Future Of Driving

3D Printed Sensors Can Reveal Tire Wear

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How do you know when your car tires need to be replaced? You could eyeball it, you could guess, or you could wait until they shred off your rims while you're barreling down the highway, flinging mangled rubber across a two-mile stretch of asphalt and depositing your car in a ditch.

Alternately, Duke University engineers and the Fetch Automotive Design Group have figured out a way to sense the wear of car tires down to a fraction of a millimeter to determine if it's in need of replacement. This technology already existed in expensive forms; in fact, there's a $2 billion tire and wheel sensor market. But these electrical engineers discovered how to do it inexpensively, and they used 3D printing to do it. This could mean that future cars will have built-in tire sensors, saving time, money, and even lives.

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A demonstration of the printed carbon nanotubes on a flexible surface. The prototype tire tread sensor (middle) is flanked by the logos of Duke University and Fetch Automotive Design Group.

Putting Two Heads Together

The sensor is comprised of two electrodes placed on the underside of the rubber tire. When they're placed next to each other, one can conduct an electric current while the other grounds the electric current. The electric current measures the thickness by passing through the tire with 99 percent accuracy, and that data is then delivered to the driver.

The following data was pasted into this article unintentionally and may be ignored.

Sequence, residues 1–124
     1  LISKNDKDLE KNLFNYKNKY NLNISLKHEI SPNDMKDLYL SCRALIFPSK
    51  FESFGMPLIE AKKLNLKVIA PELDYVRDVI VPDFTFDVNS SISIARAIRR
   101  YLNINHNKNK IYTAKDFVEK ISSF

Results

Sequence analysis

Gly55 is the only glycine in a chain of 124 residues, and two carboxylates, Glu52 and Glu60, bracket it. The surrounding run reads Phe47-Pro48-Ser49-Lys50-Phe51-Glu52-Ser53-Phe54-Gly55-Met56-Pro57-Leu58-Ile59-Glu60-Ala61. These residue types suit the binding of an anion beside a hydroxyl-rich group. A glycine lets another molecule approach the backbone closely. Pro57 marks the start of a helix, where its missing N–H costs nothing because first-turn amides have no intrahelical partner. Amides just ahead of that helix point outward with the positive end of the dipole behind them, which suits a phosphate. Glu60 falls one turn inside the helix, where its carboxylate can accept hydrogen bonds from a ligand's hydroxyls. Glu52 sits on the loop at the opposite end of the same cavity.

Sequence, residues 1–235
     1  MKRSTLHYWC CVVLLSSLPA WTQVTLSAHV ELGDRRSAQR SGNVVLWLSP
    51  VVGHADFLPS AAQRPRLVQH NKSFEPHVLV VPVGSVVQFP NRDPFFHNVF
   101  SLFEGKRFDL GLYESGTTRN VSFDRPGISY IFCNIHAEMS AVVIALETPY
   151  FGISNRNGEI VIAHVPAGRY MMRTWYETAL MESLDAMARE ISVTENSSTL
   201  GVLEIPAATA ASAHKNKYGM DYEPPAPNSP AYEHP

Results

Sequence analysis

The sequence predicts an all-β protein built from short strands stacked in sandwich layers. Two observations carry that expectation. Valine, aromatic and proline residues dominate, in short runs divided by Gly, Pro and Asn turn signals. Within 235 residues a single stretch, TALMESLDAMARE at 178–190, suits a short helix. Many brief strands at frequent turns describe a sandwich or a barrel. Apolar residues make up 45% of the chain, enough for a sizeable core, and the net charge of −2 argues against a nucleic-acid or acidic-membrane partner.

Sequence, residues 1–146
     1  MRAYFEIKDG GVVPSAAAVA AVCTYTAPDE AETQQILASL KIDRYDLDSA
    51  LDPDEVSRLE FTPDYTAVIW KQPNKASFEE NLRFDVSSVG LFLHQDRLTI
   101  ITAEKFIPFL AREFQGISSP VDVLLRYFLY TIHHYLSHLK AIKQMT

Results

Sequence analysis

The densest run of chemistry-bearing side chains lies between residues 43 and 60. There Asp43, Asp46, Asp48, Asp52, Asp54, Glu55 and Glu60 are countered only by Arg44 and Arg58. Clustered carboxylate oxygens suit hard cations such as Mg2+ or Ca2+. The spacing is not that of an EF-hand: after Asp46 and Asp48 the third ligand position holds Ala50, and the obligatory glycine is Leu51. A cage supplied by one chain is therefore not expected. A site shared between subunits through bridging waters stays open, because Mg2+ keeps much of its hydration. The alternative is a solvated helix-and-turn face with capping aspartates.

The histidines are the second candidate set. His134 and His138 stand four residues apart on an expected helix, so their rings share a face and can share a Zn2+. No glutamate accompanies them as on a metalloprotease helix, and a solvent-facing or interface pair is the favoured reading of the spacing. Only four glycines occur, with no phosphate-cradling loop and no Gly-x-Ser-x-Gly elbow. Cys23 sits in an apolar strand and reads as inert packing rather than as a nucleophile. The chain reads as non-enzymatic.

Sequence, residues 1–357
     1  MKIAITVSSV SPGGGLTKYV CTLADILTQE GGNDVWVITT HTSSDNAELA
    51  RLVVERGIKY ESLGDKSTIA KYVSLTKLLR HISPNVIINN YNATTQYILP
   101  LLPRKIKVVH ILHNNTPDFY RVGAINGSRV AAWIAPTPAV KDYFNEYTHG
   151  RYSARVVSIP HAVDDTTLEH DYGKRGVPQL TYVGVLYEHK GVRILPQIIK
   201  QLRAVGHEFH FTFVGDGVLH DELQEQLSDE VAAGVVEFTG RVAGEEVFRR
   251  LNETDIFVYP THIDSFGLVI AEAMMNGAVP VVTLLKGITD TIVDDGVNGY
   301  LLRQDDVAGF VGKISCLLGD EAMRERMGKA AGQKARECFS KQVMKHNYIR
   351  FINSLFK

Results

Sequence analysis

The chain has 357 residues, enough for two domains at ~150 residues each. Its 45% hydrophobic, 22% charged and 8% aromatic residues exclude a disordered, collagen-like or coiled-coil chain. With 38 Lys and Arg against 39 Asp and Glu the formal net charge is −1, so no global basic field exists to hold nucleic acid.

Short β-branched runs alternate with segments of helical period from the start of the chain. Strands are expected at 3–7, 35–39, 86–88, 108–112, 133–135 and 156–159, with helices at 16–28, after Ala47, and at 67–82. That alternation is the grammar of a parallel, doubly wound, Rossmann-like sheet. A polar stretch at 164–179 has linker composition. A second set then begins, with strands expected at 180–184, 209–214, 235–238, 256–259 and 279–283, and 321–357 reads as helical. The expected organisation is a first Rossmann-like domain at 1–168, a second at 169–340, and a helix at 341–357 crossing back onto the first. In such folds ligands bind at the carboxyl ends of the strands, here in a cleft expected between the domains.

The engineers were able to pack so much tech in a cheap, unobtrusive way by 3D printing the two electrodes, which are comprised of metallic carbon nanotubes 10 million times thinner than a centimeter in diameter. Amazingly, they can be printed directly onto the tires using an aerosol jet printer, which prints high resolution electronic circuits and components on 2D and 3D surfaces.

Associate professor of electrical and computer engineering at Duke University Aaron Franklin pointed out that the use of measuring thickness through an electric current is nothing new. When he and the team present the idea to industry people, they wonder why this hadn't been thought of until now. (The same was probably said for the self-twirling spaghetti fork.)

An illustration of how the novel tread sensor works. The sensor is placed on the inside of the tire, where the tire wall and tread interferes with an electric field that arcs between two electrodes. That interference can be measured to determine the thickness of the rubber with millimeter accuracy.

"Wear" Will It Go?

While the first step is to have the technology attached to as many cars as possible, the sensors can be used to measure the thickness of anything that's not made of metal and not too thick that the current can't pass through it. And for all you motorheads, testing actually showed that the metallic mesh inside tires does not negatively affect the sensor's readouts.

When people are able to see exactly how much wear is on their tires, they can get them replaced when needed, and can avoid popping a tire in general, much less while going 70 mph on the highway. While the nanofibers garnered the best results at this point, it is also possible to print the technology using ink, which isn't necessary important as it just fascinating.

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